Budget cuts are unavoidable after state’s failure to fix broken county tax system 

In recent days you may have seen news reports that the state legislature failed to take legislative action to address the state’s arbitrary and outdated one percent limit on property tax collections, which is the largest source of revenue for the County’s General Fund.  

For many years I, along with Councilmembers and other county leaders and employees, have advocated for a change to the one percent cap. Since its introduction in 2001, King County’s population has grown 30% and consumer prices have increased 70%. Inflation in recent years has been as high as 9.5%. Yet, despite our best efforts and substantial support in Olympia, the legislature refused to take action. 

This means that the 2025-2026 General Fund is facing a $100 million revenue shortfall. In the absence of additional revenue, we will not be able to maintain all of our existing services and programs, and budget cuts will be necessary. The only way to make cuts as small as possible is to start as soon as possible.  

I want to be very clear: There are no plans for immediate position reductions in any King County department. The first round of program reductions will be part of the second omnibus supplemental appropriations ordinance that I plan to transmit to the County Council in September. This will provide time to phase in reductions starting in 2024, allowing programs to gradually be reduced and helping staff transition to other jobs. 

Our options for making cuts are limited because most of the General Fund goes to programs mandated at the state or federal level, like jails, courts, prosecution, and public defense. Many general government functions – such as elections, property assessments, human resources, the Executive department, and County Council agencies – are functions that cannot be eliminated but will face budget reductions. The remainder of the programs – discretionary programs not mandated by state or federal law – will take a disproportionate share of the cuts, despite many of these programs being vital and highly valued by our residents. 

To help inform our decision making, we launched a community survey asking for public input on which discretionary programs should be prioritized. As an employee and/or resident of King County, please take a few minutes to complete the survey and share your feedback. We will also work closely with labor partners and follow our collective bargaining agreements when considering reductions, guided by our True North and values.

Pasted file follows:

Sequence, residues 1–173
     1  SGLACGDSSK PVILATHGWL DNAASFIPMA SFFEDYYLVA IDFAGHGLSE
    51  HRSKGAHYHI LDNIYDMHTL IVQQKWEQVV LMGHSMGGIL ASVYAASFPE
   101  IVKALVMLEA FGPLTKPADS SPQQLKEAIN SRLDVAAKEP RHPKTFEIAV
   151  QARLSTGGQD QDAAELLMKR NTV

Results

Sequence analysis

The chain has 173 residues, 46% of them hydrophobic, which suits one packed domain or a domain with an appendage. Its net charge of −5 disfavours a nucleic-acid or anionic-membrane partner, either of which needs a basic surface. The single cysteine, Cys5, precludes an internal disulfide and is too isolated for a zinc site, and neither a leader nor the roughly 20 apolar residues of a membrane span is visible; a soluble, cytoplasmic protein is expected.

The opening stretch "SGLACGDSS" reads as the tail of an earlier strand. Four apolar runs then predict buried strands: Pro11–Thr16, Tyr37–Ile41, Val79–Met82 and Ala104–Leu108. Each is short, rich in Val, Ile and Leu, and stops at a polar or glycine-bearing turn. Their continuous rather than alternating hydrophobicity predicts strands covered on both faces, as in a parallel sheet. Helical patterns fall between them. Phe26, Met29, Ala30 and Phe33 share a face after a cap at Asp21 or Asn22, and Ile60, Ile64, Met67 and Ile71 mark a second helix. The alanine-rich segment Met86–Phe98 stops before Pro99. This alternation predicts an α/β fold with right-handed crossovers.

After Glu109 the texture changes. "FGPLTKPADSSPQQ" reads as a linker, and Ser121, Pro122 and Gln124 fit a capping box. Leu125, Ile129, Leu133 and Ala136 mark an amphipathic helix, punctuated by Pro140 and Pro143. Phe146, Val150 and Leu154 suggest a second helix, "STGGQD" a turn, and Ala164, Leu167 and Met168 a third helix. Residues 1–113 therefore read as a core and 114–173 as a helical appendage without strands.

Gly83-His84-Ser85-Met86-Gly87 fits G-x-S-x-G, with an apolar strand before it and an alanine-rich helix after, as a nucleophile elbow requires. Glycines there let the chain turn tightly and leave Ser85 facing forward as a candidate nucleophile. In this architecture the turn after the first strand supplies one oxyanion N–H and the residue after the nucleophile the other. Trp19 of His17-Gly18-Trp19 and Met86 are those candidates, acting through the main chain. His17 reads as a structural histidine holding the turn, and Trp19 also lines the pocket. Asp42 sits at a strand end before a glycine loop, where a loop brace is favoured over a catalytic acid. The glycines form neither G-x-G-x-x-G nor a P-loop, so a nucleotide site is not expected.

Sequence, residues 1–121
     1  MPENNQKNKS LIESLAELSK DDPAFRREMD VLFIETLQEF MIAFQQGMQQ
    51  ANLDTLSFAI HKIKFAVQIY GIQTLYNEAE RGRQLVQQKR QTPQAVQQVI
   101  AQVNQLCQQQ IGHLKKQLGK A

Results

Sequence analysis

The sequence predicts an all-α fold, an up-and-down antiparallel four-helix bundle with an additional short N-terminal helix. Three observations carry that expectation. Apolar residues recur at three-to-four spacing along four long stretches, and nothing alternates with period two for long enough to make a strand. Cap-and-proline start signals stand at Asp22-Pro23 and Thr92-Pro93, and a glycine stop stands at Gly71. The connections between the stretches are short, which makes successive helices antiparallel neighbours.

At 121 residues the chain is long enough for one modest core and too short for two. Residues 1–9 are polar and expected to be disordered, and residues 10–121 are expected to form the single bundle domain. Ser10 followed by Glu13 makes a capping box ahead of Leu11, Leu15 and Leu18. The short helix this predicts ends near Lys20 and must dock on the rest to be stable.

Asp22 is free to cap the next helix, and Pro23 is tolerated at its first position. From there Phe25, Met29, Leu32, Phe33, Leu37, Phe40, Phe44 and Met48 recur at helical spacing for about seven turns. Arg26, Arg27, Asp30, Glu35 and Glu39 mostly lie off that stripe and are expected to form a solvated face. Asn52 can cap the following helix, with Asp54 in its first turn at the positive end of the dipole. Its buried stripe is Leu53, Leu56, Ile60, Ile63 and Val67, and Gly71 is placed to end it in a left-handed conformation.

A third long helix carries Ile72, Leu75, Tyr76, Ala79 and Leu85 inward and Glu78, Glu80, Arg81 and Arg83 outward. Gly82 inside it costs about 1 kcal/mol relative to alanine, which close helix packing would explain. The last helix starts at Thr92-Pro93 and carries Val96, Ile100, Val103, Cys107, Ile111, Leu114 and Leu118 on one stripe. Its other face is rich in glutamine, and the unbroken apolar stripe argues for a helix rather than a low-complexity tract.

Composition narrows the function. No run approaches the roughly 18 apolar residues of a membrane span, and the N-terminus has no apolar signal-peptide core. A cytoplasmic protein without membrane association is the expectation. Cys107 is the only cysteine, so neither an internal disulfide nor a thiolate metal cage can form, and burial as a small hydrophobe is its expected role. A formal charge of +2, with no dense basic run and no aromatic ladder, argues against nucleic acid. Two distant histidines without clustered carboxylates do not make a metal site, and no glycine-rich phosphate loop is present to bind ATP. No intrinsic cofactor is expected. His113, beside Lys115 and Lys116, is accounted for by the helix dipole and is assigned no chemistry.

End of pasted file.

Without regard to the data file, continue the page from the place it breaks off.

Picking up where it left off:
I know these cuts will be difficult and will mean job losses for some of our colleagues, something I will work to minimize. We are not instituting a countywide hiring freeze, although some departments may choose to leave some vacant positions unfilled. Nor are we asking you to do more with less; with the size of the budget deficit that simply isn’t possible. More importantly, your welfare and mental and physical well-being remain paramount. We will continue to support you in your employee experience here at King County. 

I want to remind you that King County offers several services to assist with stress, career support, and other support services. If you need to speak with someone, King County provides two services to employees that offer professional support and advice: the Employee Assistance Program and Making Life Easier (username: King County). Both resources are free and confidential. Our Career Support Services program provides a variety of career and job search tips, tools, training, resources and one-on-one assistance to support King County employees with managing their career and obtaining new employment. 

Thank you for everything you do and bring to King County. Through your work, we strive for our True North: “Making King County a welcoming community where every person can thrive”, each and every day. Let’s do our best to support one another, lead with our values, and give each other grace as we navigate this difficult time.

Dow Constantine (he/him/his)
King County Executive